In NPB, Japan’s professional baseball league, he hit as high as 0.385 in 1994 and 0.387 in 2000.

For reference, the Japanese NPB, which began in 1936 and has a history spanning more than 80 years, has never produced a four-hitter. Randy Barth of the Hanshin Tigers’ 0.389 in 1986 remains the highest mark.

What about South Korea? The KBO has had its only four-hitter since its inception, with Baek Incheon (MBC) in 1982. Although he only played 72 games in an 80-game mini-season, he still managed to hit an impressive .412.

Next up was Lee Jong-beom (Hae-tae) in 1994. He hit 0.393, but only four days in the actual season went over .400. In 1987, when Samsung’s Jang Hyo-jo won the batting title for the fourth time in his career and for the third year in a row, he hit .387.

In 2010, Lotte’s Lee Dae-ho won his seventh batting title, and his batting average was .364. In 2012, Kim Tae-gyun (Hanwha) dipped to 3.8 in mid-June, then climbed back up and stayed at 4.8 until August 3, but eventually finished the season at 0.363.

The most recent record to go over 3.8 was 0.381 by Eric Thames (NC) in 2015. Ma Hae-young’s (Lotte) 0.372 in 1999 and Choi Hyung-woo’s (Samsung) 0.376 in 2016 are also remembered as shining seasons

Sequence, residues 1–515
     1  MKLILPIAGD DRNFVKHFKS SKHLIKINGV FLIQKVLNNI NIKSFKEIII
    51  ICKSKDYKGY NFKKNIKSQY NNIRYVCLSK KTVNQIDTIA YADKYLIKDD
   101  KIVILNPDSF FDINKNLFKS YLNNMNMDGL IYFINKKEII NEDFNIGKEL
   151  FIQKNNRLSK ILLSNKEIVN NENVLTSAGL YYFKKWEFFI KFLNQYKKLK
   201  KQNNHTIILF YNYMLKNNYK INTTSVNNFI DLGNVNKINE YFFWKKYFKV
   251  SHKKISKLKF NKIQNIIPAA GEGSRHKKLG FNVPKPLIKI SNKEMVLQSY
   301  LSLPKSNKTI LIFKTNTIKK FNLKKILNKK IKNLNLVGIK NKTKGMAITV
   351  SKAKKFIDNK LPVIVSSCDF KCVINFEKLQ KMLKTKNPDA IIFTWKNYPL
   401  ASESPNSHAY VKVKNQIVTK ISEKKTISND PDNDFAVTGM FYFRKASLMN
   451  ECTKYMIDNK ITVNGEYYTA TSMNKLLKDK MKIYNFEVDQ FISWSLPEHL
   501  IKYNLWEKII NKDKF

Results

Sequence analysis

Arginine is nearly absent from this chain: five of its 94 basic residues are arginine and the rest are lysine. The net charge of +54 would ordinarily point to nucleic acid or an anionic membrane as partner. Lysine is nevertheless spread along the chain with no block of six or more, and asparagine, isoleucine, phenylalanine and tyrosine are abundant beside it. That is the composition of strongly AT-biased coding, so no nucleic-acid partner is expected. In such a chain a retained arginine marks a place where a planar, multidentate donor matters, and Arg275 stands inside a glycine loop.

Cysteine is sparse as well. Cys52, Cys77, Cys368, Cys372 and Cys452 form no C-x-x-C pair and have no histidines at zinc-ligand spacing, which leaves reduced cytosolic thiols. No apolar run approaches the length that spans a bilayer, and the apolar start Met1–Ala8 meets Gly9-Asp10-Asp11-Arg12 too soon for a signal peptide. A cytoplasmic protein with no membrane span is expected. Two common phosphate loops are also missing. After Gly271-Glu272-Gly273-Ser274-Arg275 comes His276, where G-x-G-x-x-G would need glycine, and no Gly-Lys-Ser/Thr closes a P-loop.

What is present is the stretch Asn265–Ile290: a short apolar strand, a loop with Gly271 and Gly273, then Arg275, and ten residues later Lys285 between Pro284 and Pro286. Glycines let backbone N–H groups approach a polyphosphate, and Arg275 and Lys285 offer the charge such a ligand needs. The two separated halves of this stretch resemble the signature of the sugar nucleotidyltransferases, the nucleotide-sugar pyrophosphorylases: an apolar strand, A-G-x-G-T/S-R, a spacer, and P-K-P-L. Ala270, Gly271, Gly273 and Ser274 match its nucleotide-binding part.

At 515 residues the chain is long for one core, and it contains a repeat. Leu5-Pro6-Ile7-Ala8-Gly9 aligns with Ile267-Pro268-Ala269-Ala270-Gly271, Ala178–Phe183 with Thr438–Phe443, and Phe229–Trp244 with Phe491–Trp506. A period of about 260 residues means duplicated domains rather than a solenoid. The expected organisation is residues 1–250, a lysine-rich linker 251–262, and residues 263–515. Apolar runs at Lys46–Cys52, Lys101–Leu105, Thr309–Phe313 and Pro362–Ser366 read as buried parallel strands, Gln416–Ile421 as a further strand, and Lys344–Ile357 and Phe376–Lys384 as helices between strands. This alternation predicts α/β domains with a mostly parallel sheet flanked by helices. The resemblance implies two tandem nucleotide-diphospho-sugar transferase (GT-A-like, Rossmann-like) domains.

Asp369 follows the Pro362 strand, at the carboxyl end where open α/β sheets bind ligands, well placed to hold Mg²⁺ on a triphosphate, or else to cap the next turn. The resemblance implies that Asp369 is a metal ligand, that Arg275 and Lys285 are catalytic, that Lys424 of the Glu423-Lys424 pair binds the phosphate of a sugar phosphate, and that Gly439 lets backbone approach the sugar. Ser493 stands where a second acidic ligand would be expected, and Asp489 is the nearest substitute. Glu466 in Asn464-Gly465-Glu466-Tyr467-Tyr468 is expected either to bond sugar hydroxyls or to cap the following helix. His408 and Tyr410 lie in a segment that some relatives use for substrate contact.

More recently, Lee Jung-hoo (Kiwoom) has been challenging for the quadruple digits, but it’s not easy: He hit 0.360 in 2021 and 0.349 in 2022.

The disappearance of the quadruple slugger has led to a variety of theories in the U.S., including “pitching quality has increased,” “shifts and other customized defenses have emerged,” and “hitting skills have declined.”

In his book Full House, evolutionary biologist Stephen Jay Gould likened the disappearance of the four-hitter to the evolution of life.

“As a species evolves, the within-species variance shrinks,” he writes, “and as baseball has evolved, the standard deviation between players has shrunk, and the result is that you don’t have a .400 hitter who is significantly above the league average.”

That’s what makes Arajuez’s performance all the more welcome. Can he break back into the quadruple digits?

If he does by the end of the season, I’ll be tuning into every Miami Marlins game to follow his historic journey.